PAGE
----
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2006/2007 Ashley Fellows Lecture Series Begins on September 26 and October 4


Dr. David Montgomery, Renowned American Historian, and Dr. Peter Stephenson, Internationally-Recognized Medical Anthropologist, Each to Deliver Three Lectures from September 26 to October 18

Friday, September 22, 2006, Peterborough

Trent University’s two Ashley Fellows, Dr. David Montgomery, an eminent historian of the American labour movement, and Dr. Peter Stephenson, an internationally-recognized senior medical anthropologist, will begin their three-lecture speaker series’ on Tuesday, September 26 and Wednesday, October 4, respectively.

Dr. Montgomery’s lectures, all dealing with the theme of “Workers Movements and Imperialism from the 1880s to the 1950s,” will be held on Tuesday, September 26, Tuesday, October 3, and Tuesday, October 10 at 7:30 p.m. in the Lady Eaton College (LEC) Lecture Hall on the Symons Campus. Dr. Stephenson’s lecture series, entitled “Three Embodied Discourses of Health and Illness: the Body, the City and the World,” will run on Wednesday, October 4, Wednesday, October 11, and Wednesday, October 18 at 7:30 p.m. in Gzowski College, Room 103. The Ashley Fellow lectures are free to attend and open to all members of the public.

Dr. David Montgomery

Dr. Montgomery’s presentations will draw on American and International histories, and will offer a provocative synthesis of debates about the relationship between the working class and imperialism from the late 19th Century to the mid-20th Century. His three lectures are entitled, “Workers Face Imperialisms, Old and New” (September 26), “Labour's Monroe Doctrine” (October 3), and “The Revolt Against Colonialism” (October 10). Receptions will be held following each lecture.

Dr. Montgomery will also host an open discussion, entitled “Relating the Past to Current Struggles over Globalization” on Tuesday, October 17 at 7:30 p.m. in the LEC Lecture Hall. This session will feature a panel of speakers reflecting on Dr. Montgomery’s previous presentations.

Past-President of the Organization of American Historians, David Montgomery worked for ten years as a machinist in New York and the Twin Cities, and was an active member of the International Association of Machinists (IAM), the United Electrical Workers (UE), and the Teamsters during those years. He is described as one of the most eminent historians in the United States and is best known for authoring such books as Beyond Equality: Labor and the Radical Republicans, The Fall of the House of Labor, and more recently, Black Workers' Struggle for Equality in Birmingham. An international scholar of significance and a sought-after lecturer and public speaker, Dr. Montgomery has made a name for himself through the study and examination of labour movements in the U.S., becoming known as one of the key founders of the new American labour history after the 1960s.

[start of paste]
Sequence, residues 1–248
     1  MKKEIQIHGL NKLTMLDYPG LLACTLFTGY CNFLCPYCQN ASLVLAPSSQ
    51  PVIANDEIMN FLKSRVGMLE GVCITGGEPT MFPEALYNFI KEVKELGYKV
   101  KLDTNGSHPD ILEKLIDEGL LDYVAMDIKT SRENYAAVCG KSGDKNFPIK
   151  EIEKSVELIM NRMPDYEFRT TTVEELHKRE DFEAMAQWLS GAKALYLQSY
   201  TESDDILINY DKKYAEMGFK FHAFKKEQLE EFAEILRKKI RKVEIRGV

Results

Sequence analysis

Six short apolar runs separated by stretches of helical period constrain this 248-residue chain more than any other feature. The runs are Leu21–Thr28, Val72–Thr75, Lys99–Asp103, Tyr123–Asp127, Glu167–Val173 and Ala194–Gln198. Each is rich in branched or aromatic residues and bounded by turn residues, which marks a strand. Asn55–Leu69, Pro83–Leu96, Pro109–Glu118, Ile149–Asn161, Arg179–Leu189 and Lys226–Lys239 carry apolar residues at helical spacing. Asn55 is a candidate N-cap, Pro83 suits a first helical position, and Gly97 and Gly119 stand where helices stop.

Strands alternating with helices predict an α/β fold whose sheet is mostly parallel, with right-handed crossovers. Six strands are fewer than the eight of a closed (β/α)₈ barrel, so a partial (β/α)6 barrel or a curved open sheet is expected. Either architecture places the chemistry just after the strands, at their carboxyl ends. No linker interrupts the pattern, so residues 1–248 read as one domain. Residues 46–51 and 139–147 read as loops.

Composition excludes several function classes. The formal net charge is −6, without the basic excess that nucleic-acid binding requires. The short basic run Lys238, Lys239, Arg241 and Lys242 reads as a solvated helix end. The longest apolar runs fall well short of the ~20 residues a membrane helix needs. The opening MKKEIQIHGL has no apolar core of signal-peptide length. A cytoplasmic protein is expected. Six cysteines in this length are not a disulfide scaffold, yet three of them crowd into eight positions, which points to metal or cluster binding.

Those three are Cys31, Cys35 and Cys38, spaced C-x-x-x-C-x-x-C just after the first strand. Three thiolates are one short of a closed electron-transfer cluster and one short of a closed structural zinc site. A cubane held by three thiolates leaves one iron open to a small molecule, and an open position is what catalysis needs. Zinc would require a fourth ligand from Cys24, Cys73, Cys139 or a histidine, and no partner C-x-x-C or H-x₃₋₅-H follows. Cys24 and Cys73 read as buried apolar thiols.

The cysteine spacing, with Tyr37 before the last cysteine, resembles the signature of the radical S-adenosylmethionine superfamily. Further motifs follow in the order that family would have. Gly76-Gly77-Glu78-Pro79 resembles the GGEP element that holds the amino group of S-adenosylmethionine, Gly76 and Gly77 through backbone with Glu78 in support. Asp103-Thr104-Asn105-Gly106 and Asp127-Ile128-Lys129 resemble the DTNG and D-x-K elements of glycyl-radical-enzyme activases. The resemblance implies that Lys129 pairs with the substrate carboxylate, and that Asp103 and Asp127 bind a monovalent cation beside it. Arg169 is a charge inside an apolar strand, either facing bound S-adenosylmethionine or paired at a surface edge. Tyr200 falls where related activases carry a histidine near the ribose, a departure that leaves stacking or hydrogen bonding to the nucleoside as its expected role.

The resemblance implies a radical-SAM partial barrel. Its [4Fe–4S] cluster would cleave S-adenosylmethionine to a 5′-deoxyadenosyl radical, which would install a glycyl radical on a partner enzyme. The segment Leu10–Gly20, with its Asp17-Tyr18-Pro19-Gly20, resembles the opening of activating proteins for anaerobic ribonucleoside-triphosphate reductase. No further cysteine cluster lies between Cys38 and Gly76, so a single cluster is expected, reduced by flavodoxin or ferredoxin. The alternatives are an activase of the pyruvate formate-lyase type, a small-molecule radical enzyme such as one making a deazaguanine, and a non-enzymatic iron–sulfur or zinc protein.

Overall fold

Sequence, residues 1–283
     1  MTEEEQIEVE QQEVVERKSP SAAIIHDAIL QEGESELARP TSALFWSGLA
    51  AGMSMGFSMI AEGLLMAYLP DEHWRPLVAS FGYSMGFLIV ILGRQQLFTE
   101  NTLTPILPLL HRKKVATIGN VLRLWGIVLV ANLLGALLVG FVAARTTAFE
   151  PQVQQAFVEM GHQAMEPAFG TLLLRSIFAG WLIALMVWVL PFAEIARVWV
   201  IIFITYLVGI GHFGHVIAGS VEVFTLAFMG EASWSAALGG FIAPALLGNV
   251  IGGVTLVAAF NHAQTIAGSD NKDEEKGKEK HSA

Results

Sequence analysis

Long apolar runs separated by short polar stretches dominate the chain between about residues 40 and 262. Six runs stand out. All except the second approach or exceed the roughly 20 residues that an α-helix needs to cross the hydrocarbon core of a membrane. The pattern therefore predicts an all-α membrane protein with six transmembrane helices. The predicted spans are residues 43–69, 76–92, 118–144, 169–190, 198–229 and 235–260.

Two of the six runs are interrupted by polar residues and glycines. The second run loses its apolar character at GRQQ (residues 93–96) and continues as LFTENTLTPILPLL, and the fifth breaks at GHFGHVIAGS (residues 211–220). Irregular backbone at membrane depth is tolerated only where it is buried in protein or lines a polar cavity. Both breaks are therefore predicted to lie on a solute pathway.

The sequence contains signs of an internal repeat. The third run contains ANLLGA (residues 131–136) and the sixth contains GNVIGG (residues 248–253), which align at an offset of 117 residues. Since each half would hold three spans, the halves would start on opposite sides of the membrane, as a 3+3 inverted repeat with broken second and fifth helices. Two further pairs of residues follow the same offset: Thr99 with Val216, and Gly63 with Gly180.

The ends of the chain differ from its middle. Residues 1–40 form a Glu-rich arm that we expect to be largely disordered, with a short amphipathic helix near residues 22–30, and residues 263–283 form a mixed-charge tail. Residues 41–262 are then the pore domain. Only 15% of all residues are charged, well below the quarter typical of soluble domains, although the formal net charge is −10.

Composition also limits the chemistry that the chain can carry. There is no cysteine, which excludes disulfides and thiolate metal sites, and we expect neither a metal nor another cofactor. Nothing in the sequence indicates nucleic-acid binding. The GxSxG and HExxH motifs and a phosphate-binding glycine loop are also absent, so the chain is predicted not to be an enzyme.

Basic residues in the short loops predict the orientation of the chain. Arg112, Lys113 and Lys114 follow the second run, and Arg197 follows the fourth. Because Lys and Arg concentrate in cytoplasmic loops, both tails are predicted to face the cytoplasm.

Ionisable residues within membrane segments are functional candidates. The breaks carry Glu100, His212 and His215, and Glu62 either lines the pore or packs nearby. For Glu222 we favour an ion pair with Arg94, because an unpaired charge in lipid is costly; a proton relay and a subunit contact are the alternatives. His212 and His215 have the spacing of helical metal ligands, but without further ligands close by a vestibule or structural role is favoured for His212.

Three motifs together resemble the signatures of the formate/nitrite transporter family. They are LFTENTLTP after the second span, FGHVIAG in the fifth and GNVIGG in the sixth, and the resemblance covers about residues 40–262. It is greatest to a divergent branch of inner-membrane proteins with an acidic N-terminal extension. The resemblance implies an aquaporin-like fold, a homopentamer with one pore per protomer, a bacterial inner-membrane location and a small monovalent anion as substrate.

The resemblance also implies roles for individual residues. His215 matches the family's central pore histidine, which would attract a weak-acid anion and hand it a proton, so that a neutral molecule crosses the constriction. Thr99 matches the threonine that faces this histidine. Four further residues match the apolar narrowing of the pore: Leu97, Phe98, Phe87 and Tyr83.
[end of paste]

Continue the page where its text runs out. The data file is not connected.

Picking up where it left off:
Professor Montgomery was nominated by Joan Sangster, Director of the Frost Centre for Canadian Studies and Native Studies. His visit to Trent is hosted by Champlain College.

Dr. Peter Stephenson

Dr. Stephenson’s lecture series, entitled “Three Embodied Discourses of Health and Illness: the Body, the City and the World,” will trace some of the ways in which social discourses of health and illness have been simultaneously embodied and articulated as "disease" by examining three principal sites: the body, the city and the world.  His three lectures are: “Age, Agency and the Body: the discourse of time and novelty” (October 4); “The City Embodied: the discourse of decay and renewal” (October 11); and “An Embodied World and the Pandemic Phantasm” (October 18).

As a senior medical anthropologist, Professor Peter Stephenson has made a name for himself in Canada and in the International field. Receiving his doctorate from the University of Toronto, Dr. Stephenson has held teaching positions at various institutions all over Canada and abroad. He currently teaches at the University of Victoria where he holds the distinguished position of a Michael Smith Fellow.

Professor Stephenson's research extends across multiple disciplines. His current research interests and work include ageing and the health in Hutterite populations in Alberta, examining the relationship between rapid urban development and modernist planning in the lives of the marginalized population in the city of Almere in Flevoland (Netherlands), and completing a book, tentatively titled Zombie Factory, which looks at the popular misconceptions of stress and early mortality experiences in post-industrial societies, especially among middle-aged executives. He has been recognized for his work by the Canadian Anthropology Society, receiving the Weaver-Tremblay Award for his work in applied anthropology.

Dr. Stephenson's visit to Trent is hosted by Otonabee College. He was nominated by Professor Julia Harrison, the Chair of Anthropology.


For more information, please contact:
Joan Sangster, Director of the Frost Centre for Canadian Studies and Native Studies, 748.1011 x1749; or
Professor Julia Harrison, Chair of Anthropology, 748.1011 x1515